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XI.

And a breastplate made of daisies,

Closely fitting, leaf on leaf.
Periwinkles interlaced

Drawn for belt about the waist;
While the brown bees, humming praises,

Shot their arrows round the chief.

XII.
And who knows, (I sometimes wondered,)

If the disembodied soul
Of old Hector, once of Troy,

Might not take a dreary joy
Here to enter—if it thundered,

Rolling up the thunder-roll ?

ΧΙΙΙ.

Rolling this way from Troy-ruin,

In this body rude and rife
Just to enter, and take rest
'Neath the daisies of the breast-
They, with tender roots, renewing

His heroic heart to life?

XIV.
Who could know? I sometimes started

At a motion or a sound!
Did his mouth speak-naming Troy,

With an OTOTOTOTOI ?
Did the pulse of the Strong-hearted

Make the daisies tremble-round?
VOL. II.—7

XV.

It was hard to answer, often :

But the birds sang in the tree-
But the little birds sang bold

In the pear-tree green and old,
And my terror seemed to soften

Through the courage of their glee.

XVI.
Oh, the birds, the tree, the ruddy

And white blossoms, sleek with rain!
Oh, my garden, rich with pansies !

Oh, my childhood's bright romances! All revive, like Hector's body,

And I see them stir again!

XVII.
And despite life's changes—chances,

And despite the deathbell's toll,
They press on me in full seeming!
Help, some angel! stay this dreaming!
As the birds sang in the branches,

Sing God's patience through my soul!

XVIII.
That no dreamer, no neglecter

Of the present's work unsped,
I may wake up and be doing,

Life's heroic ends pursuing,
Though my past is dead as Hector,

And though Hector is twice dead.

SLEEPING AND WATCHING.

SLEEP on, baby, on the floor,

Tired of all the playing!
Sleep with smile the sweeter for

That, you dropped away in!
On your curls' full roundness, stand

Golden lights serenely. One cheek, pushed out by the hand,

Folds the dimple inly. Little head and little foot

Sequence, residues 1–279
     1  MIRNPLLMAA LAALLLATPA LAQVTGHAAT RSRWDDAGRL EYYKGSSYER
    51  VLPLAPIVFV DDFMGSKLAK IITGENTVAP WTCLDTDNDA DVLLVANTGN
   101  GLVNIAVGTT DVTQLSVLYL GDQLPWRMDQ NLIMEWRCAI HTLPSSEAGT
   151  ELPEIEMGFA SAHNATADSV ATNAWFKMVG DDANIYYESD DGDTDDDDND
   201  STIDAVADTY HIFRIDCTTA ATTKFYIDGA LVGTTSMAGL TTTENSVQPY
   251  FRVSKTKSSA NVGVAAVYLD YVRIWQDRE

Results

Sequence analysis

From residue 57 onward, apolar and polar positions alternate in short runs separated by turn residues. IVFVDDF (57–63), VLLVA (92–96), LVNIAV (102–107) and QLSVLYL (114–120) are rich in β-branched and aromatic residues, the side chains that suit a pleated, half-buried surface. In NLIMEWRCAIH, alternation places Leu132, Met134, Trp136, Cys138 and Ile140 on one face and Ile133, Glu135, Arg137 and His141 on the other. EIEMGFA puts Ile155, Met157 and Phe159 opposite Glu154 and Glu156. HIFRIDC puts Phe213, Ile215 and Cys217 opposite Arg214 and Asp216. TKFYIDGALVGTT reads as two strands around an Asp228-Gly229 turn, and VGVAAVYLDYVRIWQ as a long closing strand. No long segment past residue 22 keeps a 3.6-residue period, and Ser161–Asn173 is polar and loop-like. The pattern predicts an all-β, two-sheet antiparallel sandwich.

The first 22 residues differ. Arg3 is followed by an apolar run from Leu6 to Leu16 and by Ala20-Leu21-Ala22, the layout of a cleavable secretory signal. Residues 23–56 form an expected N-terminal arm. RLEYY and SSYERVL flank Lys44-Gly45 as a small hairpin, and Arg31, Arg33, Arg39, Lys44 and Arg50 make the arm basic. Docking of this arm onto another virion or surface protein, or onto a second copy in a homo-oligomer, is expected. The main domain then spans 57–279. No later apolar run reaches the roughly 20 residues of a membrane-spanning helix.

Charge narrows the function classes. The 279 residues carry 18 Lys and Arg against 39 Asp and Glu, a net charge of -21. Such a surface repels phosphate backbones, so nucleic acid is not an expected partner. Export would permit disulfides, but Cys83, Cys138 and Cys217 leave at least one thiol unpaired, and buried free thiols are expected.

Heavy laid for pleasure, Underneath the lids half shut,

Slants the shining azure.Open-soul in noonday sun,

So, you lie and slumber! Nothing evil having done,

Nothing can encumber.

11.

I, who cannot sleep as well,

Shall I sigh to view you?
Or sigh further to foretell

All that may undo you?
Nay, keep smiling, little child,

Ere the sorrow neareth.
I will smile too! patience mild

Pleasure's token weareth.

Nay, keep sleeping before loss.

I shall sleep, though losing! As by cradle, so by cross,

Sure is the reposing.

III. And God knows who sees us twain

Child at childish leisure, I am near as tired of pain

As you seem of pleasure. Very soon too, by His grace

Gently wrapt around me, Shall I show as calm a face,

Shall I sleep as soundly. Differing in this, that you

Clasp your playthings, sleeping, While my hand shall drop the few

Given to my keeping. Differing in this, that I

Sleeping shall be colder, And in waking presently,

Brighter to beholder. Differing in this beside

(Sleeper, have you heard me? Do you move, and open wide

Eyes of wonder toward me?) That while you I thus recall

From your sleep, I solely, Me from mine an angel shall,

With reveille holy.

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I.
HARKEN, harken!
The rapid river carrieth
Many noises underneath

The hoary ocean:
Teaching his solemnity
Sounds of inland life and glee.
Learnt beside the waving tree,
When the winds in summer prank

Toss the shades from bank to bank,
And the quick rains, in emotion
Which rather gladdens earth than grieves,
Count and visibly rehearse
The pulses of the universe
Upon the summer leaves-
Learnt among the lilies straight,
When they bow them to the weight
Of many bees whose hidden hum
Seemeth from themselves to come-
Learnt among the grasses green,
Where the rustling mice are seen
By the gleaming, as they run,
Of their quick eyes in the sun;
And lazy sheep are browzing through,
With their noses trailed in dew;

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